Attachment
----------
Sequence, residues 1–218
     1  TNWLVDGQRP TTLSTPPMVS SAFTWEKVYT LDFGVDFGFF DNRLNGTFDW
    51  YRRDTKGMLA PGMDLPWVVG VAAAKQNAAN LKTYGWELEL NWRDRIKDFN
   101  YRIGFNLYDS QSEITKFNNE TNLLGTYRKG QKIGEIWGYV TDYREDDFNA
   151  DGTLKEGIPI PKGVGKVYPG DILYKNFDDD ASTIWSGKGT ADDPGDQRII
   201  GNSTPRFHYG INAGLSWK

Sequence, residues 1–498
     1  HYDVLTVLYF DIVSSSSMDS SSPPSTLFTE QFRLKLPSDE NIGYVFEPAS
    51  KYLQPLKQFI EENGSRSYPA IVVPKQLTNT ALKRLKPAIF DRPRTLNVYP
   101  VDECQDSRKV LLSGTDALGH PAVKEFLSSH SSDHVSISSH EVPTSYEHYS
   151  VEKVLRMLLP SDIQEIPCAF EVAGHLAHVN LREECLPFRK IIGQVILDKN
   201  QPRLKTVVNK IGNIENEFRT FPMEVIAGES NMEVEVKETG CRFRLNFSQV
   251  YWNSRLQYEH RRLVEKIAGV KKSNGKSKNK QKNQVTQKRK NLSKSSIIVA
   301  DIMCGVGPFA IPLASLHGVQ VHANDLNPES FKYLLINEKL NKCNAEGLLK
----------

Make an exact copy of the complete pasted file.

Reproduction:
Sequence, residues 1–218
     1  TNWLVDGQRP TTLSTPPMVS SAFTWEKVYT LDFGVDFGFF DNRLNGTFDW
    51  YRRDTKGMLA PGMDLPWVVG VAAAKQNAAN LKTYGWELEL NWRDRIKDFN
   101  YRIGFNLYDS QSEITKFNNE TNLLGTYRKG QKIGEIWGYV TDYREDDFNA
   151  DGTLKEGIPI PKGVGKVYPG DILYKNFDDD ASTIWSGKGT ADDPGDQRII
   201  GNSTPRFHYG INAGLSWK

Sequence, residues 1–498
     1  HYDVLTVLYF DIVSSSSMDS SSPPSTLFTE QFRLKLPSDE NIGYVFEPAS
    51  KYLQPLKQFI EENGSRSYPA IVVPKQLTNT ALKRLKPAIF DRPRTLNVYP
   101  VDECQDSRKV LLSGTDALGH PAVKEFLSSH SSDHVSISSH EVPTSYEHYS
   151  VEKVLRMLLP SDIQEIPCAF EVAGHLAHVN LREECLPFRK IIGQVILDKN
   201  QPRLKTVVNK IGNIENEFRT FPMEVIAGES NMEVEVKETG CRFRLNFSQV
   251  YWNSRLQYEH RRLVEKIAGV KKSNGKSKNK QKNQVTQKRK NLSKSSIIVA
   301  DIMCGVGPFA IPLASLHGVQ VHANDLNPES FKYLLINEKL NKCNAEGLLK